A Midsummer Night’s Sex Comedy is a seemingly underrated film. I found it hard to find any in-depth criticism of it, than a simple number system. It’s 6.6 on IMDB? If that means anything, which I’m not particularly sure it does. I’ll conclude with some facts and predictions. The role of Ariel was written for Allen’s long-time collaborator Diane Keaton. Keaton was busy promoting the film Reds at the time, and could not act. As a result, Allen cast model Mia Farrow who Allen would marry. Their relationship would end in controversy but we’ll cross that bridge when we do. Farrow actually received a Razzie for her performance in this. I’ve literally no idea why. I mean sure she wasn’t fantastic or as good as Keaton would be, but a Razzie? Who knows. I liked the film (Not typing it’s name again) as it’s really quite original (albeit based on another film) and just quite musing. Until next time, film fans. Follow me @Sams_Reel_Views. 

80 Years of the Caped Crusader: A Screen History of Batman; Part 1.


Detective Comics 27, circa 1939. The first appearance of Batman.

Batman is a character that’s truly been through the ages. Existing since his conception in 1939, Bruce Wayne has remained a dominant figure in popular culture ever since, all the way up to the groundbreaking Dark Knight Trilogy (2005-2012) by director Christopher Nolan. In this article I’ll analyse and dissect every appearance of our beloved caped crusader on the big screen, as well as some notable television moments and some relevant factoids from the books that started it all.  

So before we dive right in, let’s talk a bit about the origins of Batman’s conception. Bruce Wayne was just a boy, as he saw his parents die in front of him in the hands of a mugger, as a result Batman was born. Bob Kane and Bill identify a lot of inspiration from The Scarlet Pimpernel, and Zorro in their creation of Batman. Both are aristocratic vigilantes with double identities, that play the fool in public.  In particular Bob Kane identifies The Mark of Zorro (1930) and The Bat Whispers (1920) as inspiration from the big screen. In his ideology he represents fear, that the guilty will be persecuted symbolized by his moniker of the bat. However, he has ranged from campy and incredibly flamboyant, to gadget-based and more reclusive, to darker and more brutal. What’s interesting is how the original content, the original premise of one character can be interpreted in so any contrasting and varying ways and how certain elements have come to define Batman, as others have been labeled obselete and discarded. Batman constantly changes as he journeys through different eras and spheres of popular culture, often reflecting the mood of the time.

Often referred to as the Yin and Yang of the DC Comics universe.

Often referred to as the Yin and Yang of the DC Comics universe.

A lot can be learned about Batman by contrasting him to Superman. Superman and Batman are juggernauts of the comic book world, and are often juxtaposed against each other. While both good, they share many oppositions. Superman often masquerades as Superman, while ultimately Clark Kent is the real person behind the crimson S. He is also working class and has a job. Ultimately Superman is about helping people, saving the day. Opposite to that, Batman is kind of the real form. Where Bruce Wayne is this publicity stunt, this lie, who appears at charity balls and in the newspaper with opulent models. In addition Batman isn’t so much about saving the day, as much as preventing crime, serving just desserts and such. Superman is the light, the hero people are proud of and all the kids want to be. Batman is the covert one, he preys at night, he is feared not worshiped, he is the dark.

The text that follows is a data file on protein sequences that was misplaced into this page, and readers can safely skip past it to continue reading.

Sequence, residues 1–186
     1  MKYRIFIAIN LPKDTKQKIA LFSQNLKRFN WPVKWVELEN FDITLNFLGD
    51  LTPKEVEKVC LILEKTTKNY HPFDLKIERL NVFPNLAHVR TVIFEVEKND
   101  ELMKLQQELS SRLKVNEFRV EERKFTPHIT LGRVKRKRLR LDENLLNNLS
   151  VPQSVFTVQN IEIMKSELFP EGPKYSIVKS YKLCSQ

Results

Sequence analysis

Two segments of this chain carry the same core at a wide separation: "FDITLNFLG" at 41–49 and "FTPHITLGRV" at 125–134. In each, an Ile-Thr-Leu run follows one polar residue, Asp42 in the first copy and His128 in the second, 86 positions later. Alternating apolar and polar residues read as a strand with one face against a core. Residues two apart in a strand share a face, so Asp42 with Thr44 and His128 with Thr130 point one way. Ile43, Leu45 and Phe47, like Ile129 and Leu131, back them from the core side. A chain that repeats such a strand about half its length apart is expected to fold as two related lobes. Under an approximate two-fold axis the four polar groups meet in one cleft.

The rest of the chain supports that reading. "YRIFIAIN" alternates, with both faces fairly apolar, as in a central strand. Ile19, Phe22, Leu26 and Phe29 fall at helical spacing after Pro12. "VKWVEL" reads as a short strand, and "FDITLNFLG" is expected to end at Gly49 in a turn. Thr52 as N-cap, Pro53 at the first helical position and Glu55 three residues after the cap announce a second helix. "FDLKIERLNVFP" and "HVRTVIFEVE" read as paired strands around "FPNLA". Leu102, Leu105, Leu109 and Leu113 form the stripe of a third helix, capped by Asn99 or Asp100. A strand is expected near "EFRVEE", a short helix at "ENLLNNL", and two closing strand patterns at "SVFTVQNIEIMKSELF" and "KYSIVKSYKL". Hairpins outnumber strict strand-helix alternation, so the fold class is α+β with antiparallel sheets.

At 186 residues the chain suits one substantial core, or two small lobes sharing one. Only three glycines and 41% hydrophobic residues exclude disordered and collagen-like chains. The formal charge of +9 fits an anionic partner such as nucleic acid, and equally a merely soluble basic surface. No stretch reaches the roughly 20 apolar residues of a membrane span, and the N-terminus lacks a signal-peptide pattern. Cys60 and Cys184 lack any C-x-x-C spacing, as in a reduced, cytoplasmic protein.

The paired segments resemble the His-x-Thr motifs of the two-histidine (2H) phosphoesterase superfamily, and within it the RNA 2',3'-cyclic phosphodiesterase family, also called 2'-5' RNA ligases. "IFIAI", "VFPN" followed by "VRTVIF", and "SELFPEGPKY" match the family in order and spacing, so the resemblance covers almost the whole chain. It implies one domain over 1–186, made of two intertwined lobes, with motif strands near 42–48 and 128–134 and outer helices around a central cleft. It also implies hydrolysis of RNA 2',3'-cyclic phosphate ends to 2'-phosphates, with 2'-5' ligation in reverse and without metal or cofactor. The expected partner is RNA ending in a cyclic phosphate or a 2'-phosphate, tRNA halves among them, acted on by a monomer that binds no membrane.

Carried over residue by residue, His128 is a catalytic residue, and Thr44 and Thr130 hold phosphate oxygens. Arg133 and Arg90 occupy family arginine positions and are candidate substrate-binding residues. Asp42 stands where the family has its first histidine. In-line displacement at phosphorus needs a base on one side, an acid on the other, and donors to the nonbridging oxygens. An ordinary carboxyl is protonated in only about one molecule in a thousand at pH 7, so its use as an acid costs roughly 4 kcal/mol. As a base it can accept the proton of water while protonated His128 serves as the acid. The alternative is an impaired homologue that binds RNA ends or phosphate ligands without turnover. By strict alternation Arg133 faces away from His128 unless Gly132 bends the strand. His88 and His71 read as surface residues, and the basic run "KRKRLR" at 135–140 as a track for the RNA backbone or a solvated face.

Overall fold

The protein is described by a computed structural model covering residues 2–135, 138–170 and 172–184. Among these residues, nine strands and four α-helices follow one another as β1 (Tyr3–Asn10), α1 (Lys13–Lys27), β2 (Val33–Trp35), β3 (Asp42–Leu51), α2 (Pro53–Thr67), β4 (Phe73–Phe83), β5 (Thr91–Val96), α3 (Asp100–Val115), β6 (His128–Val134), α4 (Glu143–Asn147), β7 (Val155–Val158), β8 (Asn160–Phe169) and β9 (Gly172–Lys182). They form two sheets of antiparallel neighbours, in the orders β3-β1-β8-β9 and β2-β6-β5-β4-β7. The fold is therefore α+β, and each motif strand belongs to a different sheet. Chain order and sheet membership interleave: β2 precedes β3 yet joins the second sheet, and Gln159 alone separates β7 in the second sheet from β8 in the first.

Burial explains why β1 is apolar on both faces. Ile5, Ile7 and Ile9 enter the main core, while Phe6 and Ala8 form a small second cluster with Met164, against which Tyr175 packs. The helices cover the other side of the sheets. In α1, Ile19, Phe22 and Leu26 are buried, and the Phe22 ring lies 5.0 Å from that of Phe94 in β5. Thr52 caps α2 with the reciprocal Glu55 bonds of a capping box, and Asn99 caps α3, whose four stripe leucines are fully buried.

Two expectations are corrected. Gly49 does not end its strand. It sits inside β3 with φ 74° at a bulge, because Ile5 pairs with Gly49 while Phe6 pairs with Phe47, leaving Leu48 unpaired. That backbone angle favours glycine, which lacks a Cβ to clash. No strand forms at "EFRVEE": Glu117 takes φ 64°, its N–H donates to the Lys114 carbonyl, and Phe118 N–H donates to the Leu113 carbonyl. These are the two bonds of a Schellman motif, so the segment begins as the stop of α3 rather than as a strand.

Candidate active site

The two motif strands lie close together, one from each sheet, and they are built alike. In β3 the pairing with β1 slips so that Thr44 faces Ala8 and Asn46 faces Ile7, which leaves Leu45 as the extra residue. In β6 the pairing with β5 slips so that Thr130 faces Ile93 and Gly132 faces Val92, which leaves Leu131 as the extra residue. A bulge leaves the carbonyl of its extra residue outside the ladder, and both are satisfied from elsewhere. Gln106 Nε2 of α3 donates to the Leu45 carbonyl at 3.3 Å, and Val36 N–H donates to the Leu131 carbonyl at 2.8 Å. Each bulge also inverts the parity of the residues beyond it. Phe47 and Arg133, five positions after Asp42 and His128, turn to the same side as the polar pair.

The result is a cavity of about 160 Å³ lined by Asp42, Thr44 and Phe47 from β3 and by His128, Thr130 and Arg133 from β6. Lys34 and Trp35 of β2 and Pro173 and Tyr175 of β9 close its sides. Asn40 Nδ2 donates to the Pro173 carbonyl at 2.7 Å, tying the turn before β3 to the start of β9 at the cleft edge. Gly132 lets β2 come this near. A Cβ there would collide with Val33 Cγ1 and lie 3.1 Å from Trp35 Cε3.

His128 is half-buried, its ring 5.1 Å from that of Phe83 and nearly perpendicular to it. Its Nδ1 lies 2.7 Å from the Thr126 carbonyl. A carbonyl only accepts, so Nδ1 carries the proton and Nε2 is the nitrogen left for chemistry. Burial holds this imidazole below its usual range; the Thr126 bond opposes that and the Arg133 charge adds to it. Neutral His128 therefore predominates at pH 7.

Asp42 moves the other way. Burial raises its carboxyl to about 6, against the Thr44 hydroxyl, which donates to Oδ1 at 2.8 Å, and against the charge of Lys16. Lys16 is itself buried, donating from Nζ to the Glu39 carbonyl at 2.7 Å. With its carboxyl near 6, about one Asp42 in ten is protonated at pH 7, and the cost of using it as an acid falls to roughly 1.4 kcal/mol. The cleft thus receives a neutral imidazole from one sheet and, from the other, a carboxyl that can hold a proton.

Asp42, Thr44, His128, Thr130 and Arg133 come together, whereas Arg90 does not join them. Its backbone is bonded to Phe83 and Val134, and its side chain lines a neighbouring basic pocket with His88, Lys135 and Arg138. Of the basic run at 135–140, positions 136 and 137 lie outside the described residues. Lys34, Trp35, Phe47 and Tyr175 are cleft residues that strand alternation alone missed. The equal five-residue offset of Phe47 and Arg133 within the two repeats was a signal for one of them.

Batman (1943) Directed by Lambert Hillyer


I know a lot of you were probably expecting Adam West at this point. Yeah, turns out there were two serials released in the 1940’s that ultimately lead to the ultra-camp 60’s TV Show that we know and love. I won’t pretend that these serials were overtly important in Batman’s makeup or identity as a character, because ultimately they’re mostly just forgotten. However, there are a few notable things to mention. Batman (1943) was actually the first piece of media to have a bat-cave  a piece of continuity that actually continued on into the permanent lore of batman. It’s also notable for adjusting Albert’s appearance from a rather portly young fellow, into his older, thinner distinguished butler we know today.

Another interesting factoid is Batman was actually an agent of the government in Batman (1943), as producers were not willing to depict him as a vigilante taking the law into his own hands. Also there was no attempt for a bat-mobile due to sheer lack of budget, so Robin and Batman rode around in black Cadillac instead. In recent years, the serial has been known for it’s incredibly racial content. Being made in the war, the villain is contextually Japanese meaning the script is full of Japanese slur. For example, the narration in the opening ten minutes explains why the neighborhood the evil Dr.Daka lives in is so deserted: “This was part of a foreign land, transplanted bodily to America and known as little Tokyo. Since a wise government rounded up the shifty-eyed Japs, it has become virtually a ghost street.” Yeah. ‘Shifty-eyed Japs’. Wow, no wonder when the Japanese owned Sony re-released the serial it was highly edited. Batman himself even comes out with quite a few racial slurs. Good thing that didn’t latch on to his lore, somehow I don’t think he’d still be a part of relevant popular culture as a notorious hater of Asian people. However while we lambaste it now, contextually the patriotism is probably a part of why Batman was so well-received among the American public, as terrible as that is.